|Meats||chicken, buffalo, seafood, duck||buffalo, rabbit, venison, turkey||chicken, venison, rabbit|
|Age||Increase fatty meats in older years, give joint supplementation. Watch for constipated stools.||Will have good digestion most of the time. Give blood support and liver support. Avoid over feeding.||Will love to eat as puppies, doesn’t transfer into adult living. Will age gracefully. Keep blood fatty free with cholesterol busters.|
Do not combine raw meat with dry or dehydrated food—it derails agni’s efforts in digestion when food is combined the wrong way. It is best for dogs to eat raw alone. Often you can feed dry food as first meal and raw meat as second meal. They will tend to eat less and need a smaller portion size in the summer and can be fed more in the winter. I’ve seen this change time and time again. Raja simply won’t eat if he is not hungry or if I have fed him too much.
Lifestyle? Well a dog’s life is…Routine is of prime importance to dogs. They prefer routine and don’t like it very much when you change things up. With that said, pitta dogs will enjoy routine most, while kapha dogs simply do not like change and will resist it. Vata dogs will waiver to the moment at hand. However, in general, dogs enjoy routine living. It grounds their mind as they cannot filter judgement, discernment, and causal thinking like the human mind. Not that we are superior, we are different.
In general, dogs are social beings and need physical activity. Daily walking is a must and this is one of the many health benefits of having a dog. Even if you have a large backyard where they can roam free, daily walking for a dog with its owner is important. And Ayurveda recommends that, as part of our daily routine practices, we sweat and exercise (vyama) as well.
Time of Year
Seasonally, dogs will have lower stamina in the summer and greater strength and stamina in the winter. Take shorter walks and hikes in the summer, during the cooler times of the day. Climb the mountain in the winter. Dogs will love sitting under the tree, belly to the cool earth, when hot. They immediately look to cool their vital organs. Monitor their stamina and body heat.
Last summer, I thought Raja was developing a heart or pulmonary condition because he tired so easily and so quickly all the time. I thought about getting him tested but held off. I left for India, but closely monitored him. I returned in the fall (November), and his energy was back. His physical activity and stamina all came back. I learned that during the hot time of the year, strength leaves the body (agni) so we don’t overheat, but increases in the winter to protect the body and maintain vigor.
We know that following constitutional guidelines regarding age, season, diet, and lifestyle, is Ayurveda’s claim to fame. Thus, many home remedies are effective when our dogs get into trouble. Here are some of my favorites (again, I am not a veterinarian):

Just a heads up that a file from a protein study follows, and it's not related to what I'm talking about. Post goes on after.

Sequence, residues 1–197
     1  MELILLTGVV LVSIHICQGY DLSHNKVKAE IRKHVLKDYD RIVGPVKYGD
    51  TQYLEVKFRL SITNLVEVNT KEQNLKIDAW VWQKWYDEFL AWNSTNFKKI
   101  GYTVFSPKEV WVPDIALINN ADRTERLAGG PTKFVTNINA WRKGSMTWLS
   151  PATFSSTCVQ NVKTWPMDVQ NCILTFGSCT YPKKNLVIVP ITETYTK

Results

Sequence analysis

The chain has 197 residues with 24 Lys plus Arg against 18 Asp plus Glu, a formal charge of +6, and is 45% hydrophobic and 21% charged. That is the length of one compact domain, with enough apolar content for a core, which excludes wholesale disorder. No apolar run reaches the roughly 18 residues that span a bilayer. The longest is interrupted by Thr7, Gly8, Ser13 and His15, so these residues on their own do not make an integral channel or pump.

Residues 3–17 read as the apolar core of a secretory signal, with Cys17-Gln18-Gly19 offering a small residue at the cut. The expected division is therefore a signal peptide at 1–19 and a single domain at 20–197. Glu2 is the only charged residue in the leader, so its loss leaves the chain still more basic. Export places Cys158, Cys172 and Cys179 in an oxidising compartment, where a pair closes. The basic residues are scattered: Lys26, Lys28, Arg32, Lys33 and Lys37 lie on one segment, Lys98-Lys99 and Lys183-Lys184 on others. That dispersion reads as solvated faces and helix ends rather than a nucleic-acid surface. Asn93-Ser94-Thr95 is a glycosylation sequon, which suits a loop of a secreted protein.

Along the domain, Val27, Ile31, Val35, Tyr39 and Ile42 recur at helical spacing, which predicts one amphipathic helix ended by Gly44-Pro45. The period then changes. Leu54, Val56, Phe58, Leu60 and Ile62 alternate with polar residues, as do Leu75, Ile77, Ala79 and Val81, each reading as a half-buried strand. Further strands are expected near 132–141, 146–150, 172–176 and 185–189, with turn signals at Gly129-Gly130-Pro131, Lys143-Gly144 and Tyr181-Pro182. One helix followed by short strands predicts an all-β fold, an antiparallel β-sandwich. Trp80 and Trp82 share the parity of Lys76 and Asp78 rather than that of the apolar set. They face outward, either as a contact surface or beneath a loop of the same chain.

Garlic sesame oil
Some dog’s ears need more cleaning than others. One or two drops, depending, can be very supportive to fussy ears. For general health maintenance, you can apply 3 times per year or monthly, depending on the dog. I have personally (and others I know) used this to keep ears healthy when challenged.
Powdered turmeric and honey
Mixed together it's a great way to support a healthy inflammatory response. You can also mix in neem, goldenseal, and ginger to support a healthy immune system. I used a similar mixture to calm persistent coughing. Regardless, if Mr. Raja gets some sniffles, he is having a tiny ⅛ teaspoon of honey and herbs.
Believe it or not, I’ve been warned to not give ghee to dogs. A tiny bit occasionally is okay but they should get most of their fats from their diet (no surprise). Certain dogs may need to supplement. Sunflower, and safflower oils are good tridoshic choices, and herring and salmon oil are great for vata canine bodies.
An herbal extract like ashwagandha is useful when there is going to be something that will be disturbing to your dog’s nervous system, like change, travel, or thunderstorms. There are many herbal tinctures on the market for canine nerve support. I just happen to want to share supplements with my buddy. I like the liquid extracts because they are quick and easy to administer. Usually 1 drop per 10 pounds or so. This is an estimate based on no criteria but my own. Two drops for Raja, one dropper full for me!
(Topical) Powdered turmeric poured on top of a cut or scrape will clean the area and support the healing process. Make a paste with water—they generally won’t try to lick it off as it has a very bitter taste. It can be challenging to apply oil to their skin, and essential oils can often be too strong and should be used with caution. The bitter paste of neem or turmeric can work well. Sometimes, on a healing wound (with stiches), you can try the powder and they should be less likely to lick it off. Caution: You don’t want your dog ingesting a bunch of turmeric and neem! Be sure they leave it alone if you apply it. Turmeric will leave their skin yellow but they don’t mind.
May this article be a springboard to explore and share Ayurveda with your canine friend. It’s always a good idea to check with your veterinarian before embarking on an herbal protocol. Both your dog and Ayurveda have much to teach and expand our awareness on how to live in rhythm with the pulse of life. Ayur Woof!